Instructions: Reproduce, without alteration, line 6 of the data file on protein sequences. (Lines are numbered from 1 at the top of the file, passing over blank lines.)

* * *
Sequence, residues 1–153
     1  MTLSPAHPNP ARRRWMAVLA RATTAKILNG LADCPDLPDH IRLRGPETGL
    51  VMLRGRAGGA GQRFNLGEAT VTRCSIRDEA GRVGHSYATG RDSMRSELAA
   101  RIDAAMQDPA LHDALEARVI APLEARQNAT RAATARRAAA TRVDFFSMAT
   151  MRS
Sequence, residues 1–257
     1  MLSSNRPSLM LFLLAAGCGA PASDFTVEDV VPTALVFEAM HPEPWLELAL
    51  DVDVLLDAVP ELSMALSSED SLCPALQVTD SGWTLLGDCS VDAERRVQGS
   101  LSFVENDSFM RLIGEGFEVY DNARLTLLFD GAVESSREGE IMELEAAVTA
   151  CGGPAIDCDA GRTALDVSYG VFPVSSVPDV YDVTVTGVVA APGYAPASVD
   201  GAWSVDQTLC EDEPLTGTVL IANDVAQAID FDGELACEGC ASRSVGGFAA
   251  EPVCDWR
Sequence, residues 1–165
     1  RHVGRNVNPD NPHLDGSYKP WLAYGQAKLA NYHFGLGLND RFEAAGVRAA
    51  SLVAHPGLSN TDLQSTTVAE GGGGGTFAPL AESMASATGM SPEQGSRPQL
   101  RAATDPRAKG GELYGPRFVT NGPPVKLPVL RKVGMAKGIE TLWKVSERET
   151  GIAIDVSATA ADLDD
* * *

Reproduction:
Sequence, residues 1–257